Along those lines, there are already some living examples of co-management of lands, including what the Haida Nation has achieved in co-managing nearly half of their traditional forests off the northwest coast. There’s also a land agreement created by the Algonquins of Barriere Lake, which would give them co-management of nearly ten thousand square kilometres of their territory in northern Quebec. While falling short of direct “Land Back”, both involve First Nations winning significant say over decision-making.

Kulchyski, who’s been leading students on bush camps in Indigenous communities in Northern Manitoba for several years, was able to write another related idea into policy when he helped co-author the platform of recent Green Party leadership candidate Dimitri Lascaris.

The platform, probably the most radical one produced by a non-Indigenous politician to date, calls for the government to “develop a programme whereby Indigenous land-based education is made available both to urban Indigenous peoples and all Canadians, particularly young people.” 

Such Indigenous land-based education camps have been in development elsewhere, including by the Dechinta Centre for Research and Learning in Denedeh territory in the Northwest Territories, whose aim is to educate participants in Dene laws, ways of life, and political resurgence.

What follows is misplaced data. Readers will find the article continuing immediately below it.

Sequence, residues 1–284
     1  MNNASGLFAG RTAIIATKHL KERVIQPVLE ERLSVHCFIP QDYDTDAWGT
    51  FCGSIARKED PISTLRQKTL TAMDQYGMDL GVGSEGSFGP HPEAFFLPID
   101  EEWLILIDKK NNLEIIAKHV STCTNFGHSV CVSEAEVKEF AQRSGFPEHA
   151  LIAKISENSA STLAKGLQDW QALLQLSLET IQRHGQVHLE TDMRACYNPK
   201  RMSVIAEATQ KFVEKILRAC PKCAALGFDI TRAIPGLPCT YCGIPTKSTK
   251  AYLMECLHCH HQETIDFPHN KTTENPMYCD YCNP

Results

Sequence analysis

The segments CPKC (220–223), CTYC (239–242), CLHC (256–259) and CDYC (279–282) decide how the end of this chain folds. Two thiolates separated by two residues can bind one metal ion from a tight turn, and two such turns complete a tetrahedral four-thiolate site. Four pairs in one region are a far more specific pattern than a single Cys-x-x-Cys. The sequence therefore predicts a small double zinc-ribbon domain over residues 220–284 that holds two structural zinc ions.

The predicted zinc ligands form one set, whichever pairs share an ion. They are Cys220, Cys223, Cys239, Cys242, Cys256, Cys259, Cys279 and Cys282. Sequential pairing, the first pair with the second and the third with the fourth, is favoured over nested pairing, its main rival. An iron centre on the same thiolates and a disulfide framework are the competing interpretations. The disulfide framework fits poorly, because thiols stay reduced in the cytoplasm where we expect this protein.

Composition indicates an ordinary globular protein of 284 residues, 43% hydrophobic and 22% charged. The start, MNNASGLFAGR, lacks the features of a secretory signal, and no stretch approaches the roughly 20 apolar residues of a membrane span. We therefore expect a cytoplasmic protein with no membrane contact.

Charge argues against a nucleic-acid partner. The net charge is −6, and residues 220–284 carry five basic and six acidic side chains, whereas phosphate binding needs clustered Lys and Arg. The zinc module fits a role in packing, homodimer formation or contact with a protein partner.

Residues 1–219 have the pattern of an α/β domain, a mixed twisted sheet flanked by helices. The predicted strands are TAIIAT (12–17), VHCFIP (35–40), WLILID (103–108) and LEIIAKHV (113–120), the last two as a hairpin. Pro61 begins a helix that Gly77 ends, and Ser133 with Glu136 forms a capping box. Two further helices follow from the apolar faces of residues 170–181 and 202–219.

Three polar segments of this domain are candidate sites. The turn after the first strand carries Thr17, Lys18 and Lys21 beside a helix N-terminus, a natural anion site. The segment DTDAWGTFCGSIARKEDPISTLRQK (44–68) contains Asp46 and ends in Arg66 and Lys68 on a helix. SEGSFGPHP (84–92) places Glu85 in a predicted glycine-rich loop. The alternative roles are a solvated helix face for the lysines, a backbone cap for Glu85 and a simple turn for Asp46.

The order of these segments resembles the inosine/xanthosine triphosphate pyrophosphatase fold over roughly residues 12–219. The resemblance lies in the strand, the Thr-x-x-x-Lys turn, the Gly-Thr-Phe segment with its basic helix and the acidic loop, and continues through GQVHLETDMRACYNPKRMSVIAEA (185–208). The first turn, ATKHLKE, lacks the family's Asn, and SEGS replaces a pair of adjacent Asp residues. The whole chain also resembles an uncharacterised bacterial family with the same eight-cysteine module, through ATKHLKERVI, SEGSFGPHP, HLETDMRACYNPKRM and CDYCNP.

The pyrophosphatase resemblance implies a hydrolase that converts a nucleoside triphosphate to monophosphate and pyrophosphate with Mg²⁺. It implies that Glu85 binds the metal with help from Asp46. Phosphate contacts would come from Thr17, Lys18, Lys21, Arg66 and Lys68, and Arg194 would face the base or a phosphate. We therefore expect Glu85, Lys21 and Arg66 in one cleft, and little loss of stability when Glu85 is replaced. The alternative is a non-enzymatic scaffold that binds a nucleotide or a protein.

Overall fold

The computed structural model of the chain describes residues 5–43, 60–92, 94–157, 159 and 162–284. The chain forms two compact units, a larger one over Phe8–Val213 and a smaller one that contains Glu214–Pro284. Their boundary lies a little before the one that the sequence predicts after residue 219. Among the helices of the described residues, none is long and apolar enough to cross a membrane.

A “cloud over the land” 

One immediate legal obstacle that stands in the way of Land Back is the “legal fiction” that B.C. Supreme Court Justice Kent and even the Supreme Court of Canada have acknowledged underlie the government’s claim to Crown sovereignty.

The Doctrine of Discovery—which dates back to the 1493 Papal Bulls and King Henry VII’s 1496 letters to John Cabot authorizing the claiming of lands in the name of the English Crown—have legally paved the way for centuries of land theft.

Makokis says Canada must finally repudiate the doctrine, as was suggested in the Royal Commission, and more recently again in 2015 by the Truth and Reconciliation Commission (TRC).

According to Bruce McIvor, a Vancouver-based Métis lawyer, repudiating the doctrine in legislation wouldn’t be insurmountable.

The Discovery Doctrine is “not simply a historical or legal curiosity,” McIvor writes in his new book Standoff: Why Reconciliation Fails Indigenous People and How to Fix It, “it informs every aspect of federal and provincial governments’ relationships with Indigenous Peoples.”